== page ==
Engineering suitable content for context sensitive education and vocational training (CONTSENS)
An overview of projects that allow users to do real research with mobile technology and control data (scroll, zoom, decompose), to let users do stuff, not just look at data on a device. Carl showed lots of cool examples of what is possible today given the increases in scanning, mapping, and capturing our world; reconstructing the world; pattern recognition; and object embedding.
Teaching and Learning
Megan Smith, Leeds Metropolitan University
Our City, Our Music: using mScapes to map new narratives
mScapes is the use of audio/video/text combined with GPS to create and consume content. Our City, Our Music is an initiative that will yield a location-based music album by June 2009. Other successful examples include adventure games, historical guides, and walking tours. Current technology has its limitations; content needs to be preloaded, and the platform is not designed for interactions between multiple devices. Future technology to be added includes RFID, bluetooth, and infra-red.
Suzaan Le Roux, Cape Peninsula University, South Africa,
Implications of utilising mobile handheld devices in teaching undergraduate programming learners in a developing country
According to the abstract:
This research chronicles the results of the investigation into the integration and use of mobile handheld devices as teaching tools in an undergraduate computer programming subject at the Cape Peninsula University of Technology in South Africa. This research also explores the wide reaching implications of utilising mobile handheld devices and the possible advantageous alternatives it can provide to traditional classroom-based instruction in teaching predominantly previously disadvantaged computer programming learners in a developing country. The relevance of mobile handheld devices in teaching programming, its perceived benefits and the potential barriers to its use are discussed.
In this study the experimental group consisted of 55 programming learners who have been provided with personal digital assistants (PDAs) preloaded with the Basic4PPC application for use at university and home. This enabled and encouraged learners to design and develop mobile applications in the Visual Basic programming language anytime, anywhere without the necessity of a computer. Learners reported their experiences through interviews and a survey.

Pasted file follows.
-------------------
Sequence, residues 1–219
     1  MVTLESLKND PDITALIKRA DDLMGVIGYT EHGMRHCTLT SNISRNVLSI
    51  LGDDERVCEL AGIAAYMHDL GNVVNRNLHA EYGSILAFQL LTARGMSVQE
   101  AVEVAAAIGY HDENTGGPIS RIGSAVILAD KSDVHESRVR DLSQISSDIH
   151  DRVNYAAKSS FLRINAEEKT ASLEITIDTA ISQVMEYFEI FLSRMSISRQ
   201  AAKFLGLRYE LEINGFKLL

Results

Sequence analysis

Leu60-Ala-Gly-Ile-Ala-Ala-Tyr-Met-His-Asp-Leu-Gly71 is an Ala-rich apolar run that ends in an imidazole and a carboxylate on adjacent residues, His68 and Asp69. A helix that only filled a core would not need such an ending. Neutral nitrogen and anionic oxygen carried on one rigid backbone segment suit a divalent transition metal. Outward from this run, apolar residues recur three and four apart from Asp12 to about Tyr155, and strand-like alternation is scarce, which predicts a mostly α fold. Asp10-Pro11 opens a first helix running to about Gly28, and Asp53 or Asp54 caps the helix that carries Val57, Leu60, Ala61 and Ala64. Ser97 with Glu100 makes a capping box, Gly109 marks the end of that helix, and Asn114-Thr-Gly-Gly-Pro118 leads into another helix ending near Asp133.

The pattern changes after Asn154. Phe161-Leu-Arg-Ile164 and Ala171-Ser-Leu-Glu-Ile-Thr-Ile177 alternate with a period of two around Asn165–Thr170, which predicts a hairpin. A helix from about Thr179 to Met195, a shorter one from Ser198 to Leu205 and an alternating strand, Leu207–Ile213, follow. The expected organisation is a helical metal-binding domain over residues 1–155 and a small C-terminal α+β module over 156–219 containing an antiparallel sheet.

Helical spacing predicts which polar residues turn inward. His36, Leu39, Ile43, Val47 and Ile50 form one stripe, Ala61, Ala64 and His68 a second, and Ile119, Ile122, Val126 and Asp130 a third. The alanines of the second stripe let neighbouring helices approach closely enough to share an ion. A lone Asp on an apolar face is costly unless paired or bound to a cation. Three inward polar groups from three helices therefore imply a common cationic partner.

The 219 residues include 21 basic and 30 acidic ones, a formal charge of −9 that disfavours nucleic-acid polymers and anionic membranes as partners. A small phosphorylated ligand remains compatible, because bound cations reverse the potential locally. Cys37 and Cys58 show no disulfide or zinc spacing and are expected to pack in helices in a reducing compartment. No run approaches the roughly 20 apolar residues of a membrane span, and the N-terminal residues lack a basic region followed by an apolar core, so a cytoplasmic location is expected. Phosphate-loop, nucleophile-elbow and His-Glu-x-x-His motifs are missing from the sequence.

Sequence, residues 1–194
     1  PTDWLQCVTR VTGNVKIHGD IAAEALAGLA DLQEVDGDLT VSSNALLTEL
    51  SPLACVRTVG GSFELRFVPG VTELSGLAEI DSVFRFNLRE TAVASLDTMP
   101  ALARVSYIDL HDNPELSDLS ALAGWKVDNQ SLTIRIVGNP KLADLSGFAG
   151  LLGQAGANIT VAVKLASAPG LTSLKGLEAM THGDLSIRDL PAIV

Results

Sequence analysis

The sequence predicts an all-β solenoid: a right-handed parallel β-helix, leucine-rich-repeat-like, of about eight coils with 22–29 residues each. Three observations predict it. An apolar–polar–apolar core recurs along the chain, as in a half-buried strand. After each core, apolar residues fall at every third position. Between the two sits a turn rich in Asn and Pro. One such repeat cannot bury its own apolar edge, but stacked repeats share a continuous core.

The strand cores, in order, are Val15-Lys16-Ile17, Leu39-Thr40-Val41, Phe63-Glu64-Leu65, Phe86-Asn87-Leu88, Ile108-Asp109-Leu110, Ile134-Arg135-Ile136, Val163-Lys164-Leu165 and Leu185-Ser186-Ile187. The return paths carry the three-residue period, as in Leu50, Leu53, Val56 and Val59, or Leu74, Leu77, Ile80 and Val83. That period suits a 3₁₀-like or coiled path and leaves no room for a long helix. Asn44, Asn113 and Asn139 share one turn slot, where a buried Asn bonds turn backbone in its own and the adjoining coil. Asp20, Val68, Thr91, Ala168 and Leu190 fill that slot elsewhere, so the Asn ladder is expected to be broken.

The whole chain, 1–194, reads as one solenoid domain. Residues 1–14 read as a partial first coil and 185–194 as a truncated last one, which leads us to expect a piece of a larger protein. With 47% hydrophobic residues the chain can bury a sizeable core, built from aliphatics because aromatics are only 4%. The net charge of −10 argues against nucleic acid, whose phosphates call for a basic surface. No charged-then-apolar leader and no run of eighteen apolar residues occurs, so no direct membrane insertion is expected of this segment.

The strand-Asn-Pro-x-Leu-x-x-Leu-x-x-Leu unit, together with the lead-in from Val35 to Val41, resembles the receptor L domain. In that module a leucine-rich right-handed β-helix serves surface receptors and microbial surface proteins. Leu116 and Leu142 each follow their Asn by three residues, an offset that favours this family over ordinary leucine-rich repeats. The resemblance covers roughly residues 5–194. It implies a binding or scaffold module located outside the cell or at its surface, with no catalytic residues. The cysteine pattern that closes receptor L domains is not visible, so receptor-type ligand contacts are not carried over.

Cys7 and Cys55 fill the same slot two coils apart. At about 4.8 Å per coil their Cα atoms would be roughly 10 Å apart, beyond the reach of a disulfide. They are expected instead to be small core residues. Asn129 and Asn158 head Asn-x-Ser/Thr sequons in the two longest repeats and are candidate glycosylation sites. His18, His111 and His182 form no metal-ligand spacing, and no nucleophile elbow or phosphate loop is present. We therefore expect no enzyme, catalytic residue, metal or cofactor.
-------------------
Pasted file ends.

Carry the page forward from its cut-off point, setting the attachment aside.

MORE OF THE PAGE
The study found that students want access, and that mobile devices enable access, mobility, and the opportunity to learn at your own pace. Issues included screen size, fragility of devices, stylus input, and the perception that the mobile was not a phone. There was some novelty effect, and long-term research is needed to validate current findings.
Jane Lunsford, Researcher and Lead Instructional Designer, Open University
Mobile media and devices to support students at the UKOU
Didn’t get any notes here. From the abstract:
The talk will consider two research projects designed to investigate how the support provided to around 200,000 students at The Open University (UKOU) might be improved and extended with the use of mobile media and devices, to suit a diversity of study needs. It will then show how these research projects have led to enhancements in the support offered by Student Services.
Susan Jacobson, PhD, Temple University, USA,
Exploring the expressive qualities of the mobile phone in journalism education
Interesting talk about changes in journalism in the US, a class in experimental journalism at Temple, and how mobiles can play a part in news coverage. The examples provided here included the coverage of elections using an election day moblog, combining the use of utterli and a livejournal blog.
Mobiles are being used by journalism students for traditional news stories, live interviews, prerecorded sound bites, and personal reflections (esp. the latter tends to happen more).
Tools experimented with include a standard blog, google maps, a custom db; and now Ning, which seems to work.